Note: On operating systems, such as Mac OS X, for which maximizing windows is a resizing operation, both maximizable and resizable must be set to false to prevent the window from being zoomed or resized.

Parent element:initialWindow

Child elements:

Content

true (default) or false

Example

<resizable>false</resizable>

softKeyboardBehavior

Specifies the default behavior of the application when a virtual keyboard is displayed. The default behavior is to pan the application upward. The runtime keeps the focused text field or interactive object on the screen. Use the pan option if your application does not provide its own keyboard handling logic.

You can also turn off the automatic behavior by setting the softKeyboardBehavior element to none. In this case, text fields and interactive objects dispatch a SoftKeyboardEvent when the soft keyboard is raised, but the runtime does not pan or resize the application. It is your application’s responsibility to keep the text entry area in view.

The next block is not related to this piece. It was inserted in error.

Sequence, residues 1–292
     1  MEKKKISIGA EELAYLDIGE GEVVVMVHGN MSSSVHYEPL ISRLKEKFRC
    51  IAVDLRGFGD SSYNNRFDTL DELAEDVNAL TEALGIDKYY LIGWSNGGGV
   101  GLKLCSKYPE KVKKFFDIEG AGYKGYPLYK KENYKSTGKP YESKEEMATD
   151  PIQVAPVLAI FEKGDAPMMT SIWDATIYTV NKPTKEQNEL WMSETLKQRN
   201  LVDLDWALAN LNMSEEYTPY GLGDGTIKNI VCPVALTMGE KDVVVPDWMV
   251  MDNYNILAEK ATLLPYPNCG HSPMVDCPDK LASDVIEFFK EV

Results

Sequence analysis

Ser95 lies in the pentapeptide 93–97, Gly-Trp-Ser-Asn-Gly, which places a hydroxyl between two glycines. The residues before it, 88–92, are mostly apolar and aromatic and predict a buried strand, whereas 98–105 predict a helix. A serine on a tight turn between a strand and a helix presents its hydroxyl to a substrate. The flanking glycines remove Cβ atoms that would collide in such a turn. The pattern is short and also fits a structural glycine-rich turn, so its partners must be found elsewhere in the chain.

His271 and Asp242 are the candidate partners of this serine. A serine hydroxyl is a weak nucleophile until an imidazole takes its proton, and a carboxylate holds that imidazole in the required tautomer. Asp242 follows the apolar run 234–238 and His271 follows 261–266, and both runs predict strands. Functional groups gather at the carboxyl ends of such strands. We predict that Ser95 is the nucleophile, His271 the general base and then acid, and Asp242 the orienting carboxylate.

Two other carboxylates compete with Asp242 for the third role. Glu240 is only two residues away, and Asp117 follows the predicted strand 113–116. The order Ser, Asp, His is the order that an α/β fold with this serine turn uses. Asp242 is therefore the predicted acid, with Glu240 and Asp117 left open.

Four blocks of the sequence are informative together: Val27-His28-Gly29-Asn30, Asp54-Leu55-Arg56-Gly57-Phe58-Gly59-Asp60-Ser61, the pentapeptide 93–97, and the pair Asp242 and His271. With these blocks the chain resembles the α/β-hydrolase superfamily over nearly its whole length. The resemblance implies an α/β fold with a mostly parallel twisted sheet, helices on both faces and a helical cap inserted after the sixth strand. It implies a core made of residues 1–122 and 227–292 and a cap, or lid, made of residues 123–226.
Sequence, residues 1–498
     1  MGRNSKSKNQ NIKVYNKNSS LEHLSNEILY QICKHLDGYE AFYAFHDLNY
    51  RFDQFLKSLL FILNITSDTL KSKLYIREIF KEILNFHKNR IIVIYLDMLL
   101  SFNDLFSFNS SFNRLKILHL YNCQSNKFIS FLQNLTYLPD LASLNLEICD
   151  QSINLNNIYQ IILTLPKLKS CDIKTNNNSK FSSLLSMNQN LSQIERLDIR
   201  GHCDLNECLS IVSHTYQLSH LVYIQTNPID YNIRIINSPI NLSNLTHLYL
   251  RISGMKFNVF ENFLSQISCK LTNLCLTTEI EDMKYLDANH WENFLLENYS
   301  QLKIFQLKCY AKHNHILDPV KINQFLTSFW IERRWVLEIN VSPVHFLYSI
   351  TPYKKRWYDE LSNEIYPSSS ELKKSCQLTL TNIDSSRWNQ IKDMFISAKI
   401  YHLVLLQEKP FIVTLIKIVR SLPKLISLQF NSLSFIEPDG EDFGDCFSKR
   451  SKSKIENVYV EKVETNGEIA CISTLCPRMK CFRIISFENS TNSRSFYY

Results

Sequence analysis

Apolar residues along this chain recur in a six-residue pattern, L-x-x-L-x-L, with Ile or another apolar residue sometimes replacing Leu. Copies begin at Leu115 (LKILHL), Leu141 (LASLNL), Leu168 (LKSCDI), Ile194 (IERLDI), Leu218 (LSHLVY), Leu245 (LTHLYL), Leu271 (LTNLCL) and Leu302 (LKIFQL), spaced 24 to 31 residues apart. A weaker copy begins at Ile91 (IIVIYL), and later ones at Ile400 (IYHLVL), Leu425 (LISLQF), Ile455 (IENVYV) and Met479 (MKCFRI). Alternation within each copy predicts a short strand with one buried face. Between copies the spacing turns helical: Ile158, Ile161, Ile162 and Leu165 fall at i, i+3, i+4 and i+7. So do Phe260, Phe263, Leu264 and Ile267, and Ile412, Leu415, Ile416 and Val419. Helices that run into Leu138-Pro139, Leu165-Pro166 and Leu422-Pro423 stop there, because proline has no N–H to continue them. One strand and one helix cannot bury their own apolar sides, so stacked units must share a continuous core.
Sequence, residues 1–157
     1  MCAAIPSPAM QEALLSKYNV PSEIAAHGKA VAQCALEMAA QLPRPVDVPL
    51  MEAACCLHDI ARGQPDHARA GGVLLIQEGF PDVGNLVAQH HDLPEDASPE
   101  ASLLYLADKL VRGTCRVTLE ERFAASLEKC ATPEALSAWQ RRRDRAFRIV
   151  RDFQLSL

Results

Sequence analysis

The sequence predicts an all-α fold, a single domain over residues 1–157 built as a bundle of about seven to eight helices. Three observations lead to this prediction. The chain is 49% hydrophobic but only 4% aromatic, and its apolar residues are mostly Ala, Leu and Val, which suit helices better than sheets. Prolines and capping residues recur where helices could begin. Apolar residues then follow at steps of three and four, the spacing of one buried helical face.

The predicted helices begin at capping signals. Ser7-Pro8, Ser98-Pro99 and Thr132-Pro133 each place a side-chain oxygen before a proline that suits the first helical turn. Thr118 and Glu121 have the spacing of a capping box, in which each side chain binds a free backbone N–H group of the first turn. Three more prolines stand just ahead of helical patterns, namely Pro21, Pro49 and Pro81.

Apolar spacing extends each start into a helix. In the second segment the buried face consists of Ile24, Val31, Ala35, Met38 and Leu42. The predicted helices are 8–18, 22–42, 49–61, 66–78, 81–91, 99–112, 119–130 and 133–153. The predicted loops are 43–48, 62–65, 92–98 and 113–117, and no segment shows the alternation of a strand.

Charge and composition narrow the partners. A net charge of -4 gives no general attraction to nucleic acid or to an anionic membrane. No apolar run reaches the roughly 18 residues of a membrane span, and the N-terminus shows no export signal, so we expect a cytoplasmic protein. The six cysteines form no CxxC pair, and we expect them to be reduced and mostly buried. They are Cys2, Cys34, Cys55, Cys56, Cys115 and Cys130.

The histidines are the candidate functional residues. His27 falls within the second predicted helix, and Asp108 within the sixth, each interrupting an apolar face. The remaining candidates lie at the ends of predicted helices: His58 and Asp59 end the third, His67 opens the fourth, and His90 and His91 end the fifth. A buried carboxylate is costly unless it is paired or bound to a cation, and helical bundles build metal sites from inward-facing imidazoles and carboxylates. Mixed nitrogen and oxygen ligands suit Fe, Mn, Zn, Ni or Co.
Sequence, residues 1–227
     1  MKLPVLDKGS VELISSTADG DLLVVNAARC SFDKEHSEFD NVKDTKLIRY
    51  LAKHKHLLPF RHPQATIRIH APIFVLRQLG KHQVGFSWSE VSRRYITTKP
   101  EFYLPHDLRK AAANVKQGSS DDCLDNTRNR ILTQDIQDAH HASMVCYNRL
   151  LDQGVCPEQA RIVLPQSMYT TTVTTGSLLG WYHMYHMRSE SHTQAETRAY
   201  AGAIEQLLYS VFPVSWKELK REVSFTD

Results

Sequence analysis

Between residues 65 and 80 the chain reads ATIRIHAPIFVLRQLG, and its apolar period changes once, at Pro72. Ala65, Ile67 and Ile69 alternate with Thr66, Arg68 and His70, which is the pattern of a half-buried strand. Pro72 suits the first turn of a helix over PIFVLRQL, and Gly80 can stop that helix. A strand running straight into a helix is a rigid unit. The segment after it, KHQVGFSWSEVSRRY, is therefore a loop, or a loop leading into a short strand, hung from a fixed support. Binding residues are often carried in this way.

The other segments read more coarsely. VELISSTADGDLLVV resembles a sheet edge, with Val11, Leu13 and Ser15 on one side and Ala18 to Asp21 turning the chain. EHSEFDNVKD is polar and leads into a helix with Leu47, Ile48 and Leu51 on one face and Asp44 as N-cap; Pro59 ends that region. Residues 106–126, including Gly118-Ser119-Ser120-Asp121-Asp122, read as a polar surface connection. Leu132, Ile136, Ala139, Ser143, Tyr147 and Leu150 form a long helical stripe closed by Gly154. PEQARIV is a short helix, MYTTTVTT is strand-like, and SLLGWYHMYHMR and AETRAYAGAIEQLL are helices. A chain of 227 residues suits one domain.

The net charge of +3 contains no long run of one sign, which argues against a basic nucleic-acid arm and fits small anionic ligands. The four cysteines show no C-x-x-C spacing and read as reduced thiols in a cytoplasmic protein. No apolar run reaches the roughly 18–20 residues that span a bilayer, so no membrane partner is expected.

Parent element:initialWindow

Child elements: none

Content

Either none or pan. The default value is pan.

Example

<softKeyboardBehavior>none</softKeyboardBehavior>

supportedLanguages

Identifies the languages supported by the application. This element is only used by iOS, Mac captive runtime, and Android applications. This element is ignored by all other application types.

If you do not specify this element, then by default the packager performs the following actions based on the application type:

  • iOS — All languages supported by the AIR runtime are listed in the iOS app store as supported languages of the application.

  • Mac captive runtime — Application packaged with captive bundle has no localization information.

  • Android — Application bundle has resources for all languages supported by the AIR runtime.

Parent element:application

Child elements: none

Content

A space delimited list of supported languages. Valid language values are ISO 639‑1 values for the languages supported by the AIR runtime: en, de, es, fr, it, ja, ko, pt, ru, cs, nl, pl, sv, tr, zh.

The packager generates an error for an empty value for the <supportedLanguages> element.